England and Scotland meet for the 113th time at Wembley on Friday night as a rivalry which “is known throughout the world” returns.
The oldest fixture in international football is the first competitive meeting of the sides since 1999.
With only one team guaranteed a place at Russia 2018, England top Group F after three games with Scotland fourth.
Wayne Rooney returns to captain England with Scotland captain Darren Fletcher saying a draw would be a good result.
The sides – who first met in 1872 – played friendlies in 2013 and 2014 but last played competitive matches in a two-legged play-off for Euro 2000 in November 1999.
Scotland won at Wembley but England won 2-1 on aggregate.
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Does Southgate want the England job?
England Under-21 boss Gareth Southgate was put in charge of the senior team for four games following the departure of Sam Allardyce after only one match.
Allardyce left following a newspaper investigation claiming he offered advice on how to “get around” rules on player transfers.
Under Southgate, England beat Malta 2-0 and drew with Slovenia in World Cup qualifiers.
After the match against Scotland, England meet Spain in a friendly at Wembley on 15 November.
Asked if he wanted the job on a permanent basis, he said: “I’m really enjoying being in the role.
“What happens to me is not important. We have to win this game for the country, and because we want to be top of the group and heading to [the 2018 World Cup] in Russia.
“What happens to me is important to my family, but other than that it isn’t the purpose of the game. I want the players to enjoy the football and play well.
“My focus is 100% on the match and it would irresponsible and unprofessional for it to be any other way.”
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‘It’s known throughout the world’
Scotland manager Gordon Strachan – who has faced scrutiny coming into the game – says he does not need to impress on his players the importance of the match.
“My players are intelligent enough to understand the fixture,” Strachan said. “I don’t think I have to show them anything.
“They know the fixture, everybody knows the fixture. It’s known throughout the world. So I don’t have to show them the importance.
“The importance is not to become caught up in the emotion of the game. It’s important to use your emotion and passion, to run further than you’ve ever run before, to jump higher than you’ve ever jumped, to concentrate more.
“I don’t think you get too emotional. If you get too emotional then you can lose focus. So we’re looking for that emotion and passion to play better than we’ve ever played before.”
‘It’s not a normal game’
The match at Wembley is a 90,000 sell-out, which is expected to include at least 14,000 Scotland fans.
“It doesn’t get much bigger than this – there will be a little more fire in the belly, it being England v Scotland,” Scotland captain Darren Fletcher said.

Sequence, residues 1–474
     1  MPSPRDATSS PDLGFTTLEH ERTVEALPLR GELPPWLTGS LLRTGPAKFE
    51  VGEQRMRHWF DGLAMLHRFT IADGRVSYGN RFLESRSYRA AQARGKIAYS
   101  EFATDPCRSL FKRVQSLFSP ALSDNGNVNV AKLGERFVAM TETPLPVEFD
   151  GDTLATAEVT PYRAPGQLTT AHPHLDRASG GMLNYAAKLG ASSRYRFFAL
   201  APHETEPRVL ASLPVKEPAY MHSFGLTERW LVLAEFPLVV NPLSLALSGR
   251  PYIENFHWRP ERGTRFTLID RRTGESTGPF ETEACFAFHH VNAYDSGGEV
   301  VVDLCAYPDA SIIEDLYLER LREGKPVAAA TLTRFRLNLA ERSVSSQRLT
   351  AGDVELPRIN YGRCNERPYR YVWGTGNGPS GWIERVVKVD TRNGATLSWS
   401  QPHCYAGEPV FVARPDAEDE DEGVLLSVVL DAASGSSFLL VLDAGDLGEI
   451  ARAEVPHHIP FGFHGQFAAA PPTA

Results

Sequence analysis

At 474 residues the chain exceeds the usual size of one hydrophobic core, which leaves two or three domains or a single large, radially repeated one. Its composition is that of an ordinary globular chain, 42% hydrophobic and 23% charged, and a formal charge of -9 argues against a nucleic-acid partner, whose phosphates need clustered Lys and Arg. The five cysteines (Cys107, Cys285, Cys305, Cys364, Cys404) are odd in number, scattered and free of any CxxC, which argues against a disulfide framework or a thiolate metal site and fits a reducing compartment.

“Every time you lead your country out it is important but there is no bigger stage than Wembley in front of 90,000 fans.”
England midfielder Jordan Henderson, who captained the team against Slovenia, said: “It is a massive game. If you look at the history of the fixture, it’s not a normal game.
“We watched a video of a lot of the past games. There was a few I can remember, especially Paul Gascoigne’s goal at Euro 96.
“The lads know the importance of the game, not only because it’s England v Scotland but also because we want to qualify for the World Cup.”
Henderson also addressed criticism that England are a team lacking in leadership.
The Liverpool captain told BBC Radio 5 live: “Everyone’s entitled to their opinion – I’ve learned that over the years – but it doesn’t really matter what other people think, it only matters what the team thinks and what the manager and the management team think.
“They are the only important opinions that matter to us. I know there are leaders in the team, I know we’ve got great characters so that isn’t a question in our dressing room.
“The question is can we got out there and perform at the highest level to win the game. I’m confident we can.”
Scotland inspired by Murray
New tennis world number one Andy Murray is expected to be among the huge Scotland support at Wembley, with Fletcher confident his side can be inspired by Murray’s rise through the ranks.
Murray became the first British singles player to be world number one since computerised rankings began in 1973 last week.
“For us, he is an inspiration for what he has achieved in tennis,” said Fletcher.
“His never-say-die attitude, looking to keep improving and battling for a number of years against arguably some of the greatest tennis players of all time and to keep driving himself forward to try to improve those small margins.
“He has fought to be the number one tennis player in the world so we can take inspiration from him as a sportsman, showing that there is no real ceiling on what you can achieve if you dedicate yourself.
“If you have real dedication and desire, you can achieve almost what you wish.”
‘The poppy is very important for the country’
The Football Associations of England and Scotland have said they will defy a Fifa ban on players wearing poppies during the game, which takes place on Remembrance Day.
The FAs will let players wear black armbands with poppy emblems and are willing to accept any punishment.
“We’re just pleased everything was resolved last week, that we can honour the sacrifice of those who have gone before us,” said Southgate.
“It’s part of our identity as a nation.”
Henderson added: “The poppy is very important for the country and the players to remember what those people did for this country, the sacrifice.”
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Article source: http://www.bbc.co.uk/sport/football/37934864